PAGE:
Idealism And The Civil War
With its mixture of the heroic and the cowardly, the idealistic and the base, Geraldine Brooks fine novel "March" reminded me of why the Civil War continues, and rightly so, to fascinate many Americans. The novel presents a picture of the ravages and effects of the War upon our country and upon a small family in Concord, Massachusetts. The novel is nominally a sort of follow-up to "Little Women" by Louisa May Alcott, with a Bronson Alcott-like character as the hero. But this framing of the story is, for the most part, of little relevance to the theme and power of the book.
At the outset of the Civil War, March the primary character of the story, is a 39-year old minister of highly unorthodox religious views. He is also an idealist and an abolitionist who has lost his wealth in support of John Brown and who is a friend of Emerson and Thoreau. The other two primary characters in the story are Marmee, March's strong-willed and proto-modernist wife, and Grace, a former slave. At the age of 18, March had met Grace when he journeyed though the South as a peddler. The two are attracted to each other, and March sees Grace receive a terrible whipping as a result of her efforts in assisting March teach other slaves on the plantation -- Grace is literate -- to read and write.
The book turns on March's war experiences during the first year of the struggle with flashbacks to his early life, including his early encounter with Grace and with Southern plantation life, his unusual courtship of Marmee, his loss of his fortune in support of John Brown and his friendship with Emerson and Thoreau. The descriptions of the intellectual milieu of early Concord, particularly of Thoreau, are among the best parts of the book. Quotations from Thoreau's "Walden" are quietly weaved into the text of "Marsh".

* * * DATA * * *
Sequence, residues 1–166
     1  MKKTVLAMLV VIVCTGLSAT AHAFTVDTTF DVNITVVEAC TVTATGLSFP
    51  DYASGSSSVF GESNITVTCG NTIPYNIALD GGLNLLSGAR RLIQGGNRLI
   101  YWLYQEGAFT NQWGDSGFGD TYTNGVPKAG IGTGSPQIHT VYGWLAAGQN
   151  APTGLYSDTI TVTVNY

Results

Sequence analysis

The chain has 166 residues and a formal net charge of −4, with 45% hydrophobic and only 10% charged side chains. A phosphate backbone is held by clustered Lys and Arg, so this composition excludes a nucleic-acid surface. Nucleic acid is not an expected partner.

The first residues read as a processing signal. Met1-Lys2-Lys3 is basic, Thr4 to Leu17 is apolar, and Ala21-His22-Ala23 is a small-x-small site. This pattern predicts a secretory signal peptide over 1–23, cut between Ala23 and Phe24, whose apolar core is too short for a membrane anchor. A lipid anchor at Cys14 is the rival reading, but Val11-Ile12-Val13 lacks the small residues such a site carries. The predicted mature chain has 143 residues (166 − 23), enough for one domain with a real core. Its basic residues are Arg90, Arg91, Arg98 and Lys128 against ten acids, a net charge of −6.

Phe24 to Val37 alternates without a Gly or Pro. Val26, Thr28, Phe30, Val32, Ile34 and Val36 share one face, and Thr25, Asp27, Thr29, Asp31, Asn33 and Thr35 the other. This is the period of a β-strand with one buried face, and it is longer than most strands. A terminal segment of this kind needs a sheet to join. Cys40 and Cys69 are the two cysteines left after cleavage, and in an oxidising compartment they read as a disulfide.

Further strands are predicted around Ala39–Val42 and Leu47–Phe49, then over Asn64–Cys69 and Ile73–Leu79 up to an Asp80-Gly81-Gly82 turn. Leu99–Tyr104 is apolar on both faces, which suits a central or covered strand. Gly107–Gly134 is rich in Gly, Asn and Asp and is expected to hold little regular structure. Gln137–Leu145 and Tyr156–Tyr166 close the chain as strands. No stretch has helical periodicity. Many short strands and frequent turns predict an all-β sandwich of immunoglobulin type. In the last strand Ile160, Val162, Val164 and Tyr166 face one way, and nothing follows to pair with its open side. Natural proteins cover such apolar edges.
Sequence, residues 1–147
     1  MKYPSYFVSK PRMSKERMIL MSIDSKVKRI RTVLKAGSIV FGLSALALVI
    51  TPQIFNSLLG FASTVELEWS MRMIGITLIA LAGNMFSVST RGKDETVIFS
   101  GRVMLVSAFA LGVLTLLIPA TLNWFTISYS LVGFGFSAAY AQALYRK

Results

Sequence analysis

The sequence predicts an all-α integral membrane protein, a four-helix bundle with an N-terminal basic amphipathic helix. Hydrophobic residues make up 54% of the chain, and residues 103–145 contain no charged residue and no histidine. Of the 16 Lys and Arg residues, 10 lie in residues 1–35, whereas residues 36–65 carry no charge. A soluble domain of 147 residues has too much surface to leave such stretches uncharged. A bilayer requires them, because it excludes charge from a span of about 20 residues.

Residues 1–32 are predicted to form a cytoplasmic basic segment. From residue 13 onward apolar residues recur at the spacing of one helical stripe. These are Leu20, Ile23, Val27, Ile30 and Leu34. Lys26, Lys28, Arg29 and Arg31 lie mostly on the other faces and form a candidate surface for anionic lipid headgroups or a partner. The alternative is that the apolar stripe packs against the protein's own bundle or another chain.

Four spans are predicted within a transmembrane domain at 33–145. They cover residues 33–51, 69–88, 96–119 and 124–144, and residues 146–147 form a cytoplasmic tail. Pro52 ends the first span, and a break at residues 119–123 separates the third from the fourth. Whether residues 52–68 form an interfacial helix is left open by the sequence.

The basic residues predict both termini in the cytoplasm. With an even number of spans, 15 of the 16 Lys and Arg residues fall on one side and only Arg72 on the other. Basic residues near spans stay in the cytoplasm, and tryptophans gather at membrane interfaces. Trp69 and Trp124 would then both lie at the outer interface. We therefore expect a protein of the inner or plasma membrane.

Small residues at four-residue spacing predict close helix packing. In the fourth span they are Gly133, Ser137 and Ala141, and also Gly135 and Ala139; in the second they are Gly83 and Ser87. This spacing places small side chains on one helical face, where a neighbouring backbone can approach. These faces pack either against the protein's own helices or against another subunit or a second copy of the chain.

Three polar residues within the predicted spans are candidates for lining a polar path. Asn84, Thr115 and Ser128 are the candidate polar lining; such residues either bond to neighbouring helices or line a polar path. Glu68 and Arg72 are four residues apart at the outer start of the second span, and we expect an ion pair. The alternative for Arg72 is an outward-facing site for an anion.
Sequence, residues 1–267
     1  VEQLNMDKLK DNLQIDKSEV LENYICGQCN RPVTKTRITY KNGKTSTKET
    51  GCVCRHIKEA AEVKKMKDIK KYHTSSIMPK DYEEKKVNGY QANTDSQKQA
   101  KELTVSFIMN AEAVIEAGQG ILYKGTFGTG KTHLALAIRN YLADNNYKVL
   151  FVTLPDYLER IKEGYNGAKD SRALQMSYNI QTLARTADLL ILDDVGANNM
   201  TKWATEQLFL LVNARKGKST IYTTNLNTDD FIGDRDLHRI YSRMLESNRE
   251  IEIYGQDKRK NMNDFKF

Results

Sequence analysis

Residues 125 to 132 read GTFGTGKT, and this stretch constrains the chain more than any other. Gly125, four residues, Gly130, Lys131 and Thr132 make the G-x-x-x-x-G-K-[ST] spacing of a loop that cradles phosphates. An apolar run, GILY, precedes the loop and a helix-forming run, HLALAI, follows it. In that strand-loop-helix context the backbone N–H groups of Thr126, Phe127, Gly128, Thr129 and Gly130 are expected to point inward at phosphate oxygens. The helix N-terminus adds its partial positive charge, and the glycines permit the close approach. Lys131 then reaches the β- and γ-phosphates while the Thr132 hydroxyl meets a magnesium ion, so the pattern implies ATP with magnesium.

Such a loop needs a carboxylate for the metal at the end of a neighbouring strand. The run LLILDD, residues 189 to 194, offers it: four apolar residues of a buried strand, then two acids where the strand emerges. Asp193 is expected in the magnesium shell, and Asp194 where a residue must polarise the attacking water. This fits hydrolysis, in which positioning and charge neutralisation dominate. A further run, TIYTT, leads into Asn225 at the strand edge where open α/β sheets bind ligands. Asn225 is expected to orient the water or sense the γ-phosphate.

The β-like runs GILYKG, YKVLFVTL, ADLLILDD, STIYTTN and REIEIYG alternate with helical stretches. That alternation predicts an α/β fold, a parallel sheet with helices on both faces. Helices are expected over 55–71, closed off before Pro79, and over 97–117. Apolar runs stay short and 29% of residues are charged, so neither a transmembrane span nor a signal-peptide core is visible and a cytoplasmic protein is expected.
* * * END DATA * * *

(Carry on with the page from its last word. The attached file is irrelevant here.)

Even though he is 39 years old, Marsh's idealism and commitment to the end of slavery make him rush to enlist and leave his family when the Civil War breaks out. During his period in the service, Marsh sees much that is evil in the conduct of the war and he witnesses slaughter in the small but terrible early battle of Ball's Bluff. He is soon transferred to teach newly-freed slaves at a plantation along the Mississippi River called Oak Landing which has been leased by a young Northerner named Canning. He learns for himself the great difficulties that will be involved in teaching the freed people. Following an encounter with Confederate irregulars, March becomes gravely ill, and Marmee is called to the fetid hospital in Washington, D.C. to which he has been brought for cure. Grace has become a Union nurse and is helping in Marsh's recovery. Ultimately, Marsh returns home to Concord to face his wife and four daughters in what will be an uncertain future.
The book shows eloquently how Marsh's idealism is tested by his experience of combat and by the immensity of the Civil War. Indeed, it shows Marsh's awakening to the ambiguities of the conflict and its causes. The novel also shows well the strain the War put on familial relationships, particularly as they involve Marsh's relationship with Marmee and with Grace. The book also focuses on Marsh and his high expectations of himself, and how he responds when his actions during the conflict often do not comport with his high ideals. A great deal of the complex character of our Civil War -- and the difficulty we have even today in understanding it -- comes through well in this book.
In his prose work "Specimen Days", Walt Whitman observed that "the real Civil War will never get into the books." In spite of Whitman's warning, many Americans continue to try to understand the significance of the conflict in works of history and literature. Brooks's novel, with its portrayal of the conflict and its participants, both of the North and the South, seems to me a good start, in a work of fiction, for the reader to approach and think about the Civil War. The book is thoughtful, both as far as the broad issues of the War are concerned, and in considering the effect of the War upon a freed young woman and upon a fictional idealistic young minister from Concord and his family.